A shortage of women in the ranks of the Canadian Armed Forces has prompted new recruiting ideas that include adding shorter, tighter skirts, more stylish shoes, and cringeworthy social media campaigns featuring slogans like, “My bling are my medals."
Dry heaving yet?
If not, maybe a video concept featuring a woman tossing a grenade, accompanied by the slogan, “Of course I throw like a girl but I never miss,” will do the trick.
This. This is what three years of work yielded. A “Tiger Team” whose sole three-year mission it was to pinpoint where the military could do a better job of enticing women to enlist came up with referring to medals as “bling.”
We condemn you for a job never done, Tiger Team.
Today, women make up just 16 percent of the Canadian armed services, a number Canadian military officials hope to grow to 25 percent by 2026, according to study documents obtained by the Ottawa Citizen.
“Yet systemic barriers remain in place,” the Tiger Team wrote, "making the military a less than desirable choice for the majority of young Canadian women.”
Substantive causes for the dearth of women in the ranks — the prevalence of post-traumatic stress disorder and sexual harassment, as well as the lack of available technical jobs — were mentioned as such barriers, yet these legitimate reasons still played second fiddle to a heavy emphasis on fashion and video production.
“That’s not an especially flattering portrayal of female values,” National Post columnist Marni Soupcoff wrote in response to the study. Soupcoff compared the approach to “comedian Elayne Boosler’s quip about her belief that females are capable of engaging in deadly combat: All the general has to do is walk over to the women and say, ‘You see the enemy over there? They say you look fat in those uniforms.’”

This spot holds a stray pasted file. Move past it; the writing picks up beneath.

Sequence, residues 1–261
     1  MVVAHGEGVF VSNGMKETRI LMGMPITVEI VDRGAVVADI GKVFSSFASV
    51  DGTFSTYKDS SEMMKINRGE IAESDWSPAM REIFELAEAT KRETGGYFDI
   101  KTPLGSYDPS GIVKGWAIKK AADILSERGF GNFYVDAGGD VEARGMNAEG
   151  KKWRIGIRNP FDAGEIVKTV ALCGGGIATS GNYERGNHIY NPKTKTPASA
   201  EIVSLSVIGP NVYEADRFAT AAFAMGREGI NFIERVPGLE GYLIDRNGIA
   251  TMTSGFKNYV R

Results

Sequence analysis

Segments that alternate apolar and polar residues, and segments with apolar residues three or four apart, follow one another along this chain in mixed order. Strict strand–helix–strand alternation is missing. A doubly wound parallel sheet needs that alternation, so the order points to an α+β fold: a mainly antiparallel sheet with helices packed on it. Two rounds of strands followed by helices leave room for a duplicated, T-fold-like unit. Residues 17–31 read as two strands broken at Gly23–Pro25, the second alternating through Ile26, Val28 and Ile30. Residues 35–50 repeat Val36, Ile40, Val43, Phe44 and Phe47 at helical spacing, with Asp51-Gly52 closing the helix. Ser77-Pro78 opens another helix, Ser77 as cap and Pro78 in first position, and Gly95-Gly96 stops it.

To address their oddly prioritized fashion concerns the Tiger Team took aim at the Canadian Armed Forces Dress Committee, a decidedly style-free group “composed of middle-aged males whose outlook is not reflective of current trends among the target demographic,” the report said. The team concluded that instituting a uniform decision-making staff that incorporates the same 25 percent makeup as the military’s female recruiting goal should correct the deficiency of modernized threads.
Other suggestions, meanwhile, include marketing campaigns that depict a healthy quality of life-work balance, which approximately 14 individuals in military history have ever achieved.
To demonstrate, the Tiger Team discussed a video concept that begins with a woman removing her military helmet. In a shocking twist, she finds herself at an event in which “male and female co-workers gather and agree to having a camp fire at a sandy beach,” the report said.
Unable to resist those internationally acclaimed Canadian beach vibes, the group transitions to grilling “marshmallows, laughing and relaxing” — as one invariably does whenever marshmallows are present.
“They may be overestimating the female appetite for after-work gatherings that resemble summer camp singalongs,” Soupcoff argued. “But is this really what recruits would find once they became members of the military?”
Studies suggest this is, in fact, the exact experience service members have in the military — especially in Canada, where soldiers can’t turn around without being blindsided by a tropical setting.
At the conclusion of their very own Corona commercial, a male coworker drives one of his female colleagues home, where he waits outside until she safely closes the door. This, the Tiger Team suggests, would demonstrate “trust in coworkers.”
What the Tiger Team doesn’t know, however, is that these scenarios are strikingly reminiscent of some of the worst Armed Forces Network commercial programming anyone who has ever deployed has had the displeasure of viewing.
Back to the drawing board, Tiger Team.
J.D. Simkins is a writer and editor for Military Times, and a USMC veteran.